A spin off of the BSI was the recognition that our data collection about basic skills courses did not consistently identify the various levels of basic skills courses across the state. How could we demonstrate student progress through pre-collegiate courses if the coding system identifying the various levels in English and mathematics was inconsistent? When the faculty identified the discrepancy, it led to a faculty-driven “re-coding” effort: CB 21. Colleges and the state will be able to more accurately identify and analyze student success through basic skills courses. It is likely that most of the innovations through the BSI would not have occurred had the faculty not pushed the envelope by insisting that the English and mathematics degree requirements be changed. The ripple effect of BSI has lasting outcomes.
In 2005 Senator Jack Scott saw the successful passage of SB 70, which focused on improving the linkages and pathways between high school and California community colleges career-technical education (CTE) programs. In response to SB 70, the Academic Senate was awarded a multi-year grant to develop and implement the largest of the SB 70 initiatives: Statewide Career Pathways: School to College Articulation. The infrastructure for the articulation of CTE classes from high schools and Regional Occupational Centers and Programs (ROCP) to the community colleges has made it possible for thousands of secondary students to get appropriate college credit for secondary coursework, and research from the Community College Research Center at Columbia University (CCRC) shows that when secondary students are also getting college credit, they see themselves as successful college students and their chances of going to and completing a college program increase.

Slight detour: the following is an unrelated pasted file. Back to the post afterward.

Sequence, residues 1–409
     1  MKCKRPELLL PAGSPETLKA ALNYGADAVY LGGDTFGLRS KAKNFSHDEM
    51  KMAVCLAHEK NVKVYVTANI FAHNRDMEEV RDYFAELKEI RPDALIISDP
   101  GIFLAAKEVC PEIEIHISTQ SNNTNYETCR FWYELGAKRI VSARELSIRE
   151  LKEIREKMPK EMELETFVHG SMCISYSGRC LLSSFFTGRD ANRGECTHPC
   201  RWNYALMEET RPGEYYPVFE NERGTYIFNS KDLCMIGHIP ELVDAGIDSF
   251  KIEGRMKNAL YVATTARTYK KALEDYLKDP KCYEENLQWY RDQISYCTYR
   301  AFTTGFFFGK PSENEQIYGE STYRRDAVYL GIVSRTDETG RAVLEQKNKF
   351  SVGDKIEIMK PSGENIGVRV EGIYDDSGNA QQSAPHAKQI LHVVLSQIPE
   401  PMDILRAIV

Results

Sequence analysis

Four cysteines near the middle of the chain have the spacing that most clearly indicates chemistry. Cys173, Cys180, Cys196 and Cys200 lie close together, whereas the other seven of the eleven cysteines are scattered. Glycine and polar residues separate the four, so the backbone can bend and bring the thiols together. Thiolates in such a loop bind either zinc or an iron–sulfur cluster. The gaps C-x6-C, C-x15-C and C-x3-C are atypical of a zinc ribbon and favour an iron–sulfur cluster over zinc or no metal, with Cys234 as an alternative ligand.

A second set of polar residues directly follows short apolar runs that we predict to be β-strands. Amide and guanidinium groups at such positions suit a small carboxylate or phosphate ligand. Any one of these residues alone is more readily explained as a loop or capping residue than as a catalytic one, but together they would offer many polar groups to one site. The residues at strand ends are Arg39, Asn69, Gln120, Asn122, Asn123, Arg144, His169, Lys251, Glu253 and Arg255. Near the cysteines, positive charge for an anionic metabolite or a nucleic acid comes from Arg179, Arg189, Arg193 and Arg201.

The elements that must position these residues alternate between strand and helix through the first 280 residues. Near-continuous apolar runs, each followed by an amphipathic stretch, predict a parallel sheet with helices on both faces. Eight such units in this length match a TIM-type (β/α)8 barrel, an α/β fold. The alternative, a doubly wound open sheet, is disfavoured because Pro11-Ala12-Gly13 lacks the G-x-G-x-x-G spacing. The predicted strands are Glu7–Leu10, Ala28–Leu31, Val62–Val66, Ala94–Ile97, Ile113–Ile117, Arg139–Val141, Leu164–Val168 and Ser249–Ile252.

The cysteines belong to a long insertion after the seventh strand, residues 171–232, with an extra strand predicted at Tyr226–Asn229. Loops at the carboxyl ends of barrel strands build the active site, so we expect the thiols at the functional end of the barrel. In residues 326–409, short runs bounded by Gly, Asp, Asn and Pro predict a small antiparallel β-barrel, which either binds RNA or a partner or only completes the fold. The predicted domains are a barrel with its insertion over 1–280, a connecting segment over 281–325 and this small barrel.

In addition to fostering the development of articulation templates (114 at last count) in all of the industry sectors and over 1,425 articulation agreements, this initiative also created a handbook for school-to-college articulation, a CTE counseling resource kit, CTE lesson plans and the WhoDoUWant2B.com website.
The Academic Senate is not claiming it has acted alone in the innovations described here. The point is that these initiatives illustrate that faculty are progressive. So, the next time you hear that faculty are resistant to change, please dispel the myth. Mention the creative changes you have witnessed at your college and the far-ranging improvements developed at the state level.
The articles published in the Rostrum do not necessarily represent the adopted positions of the academic senate. For adopted positions and recommendations, please browse this website.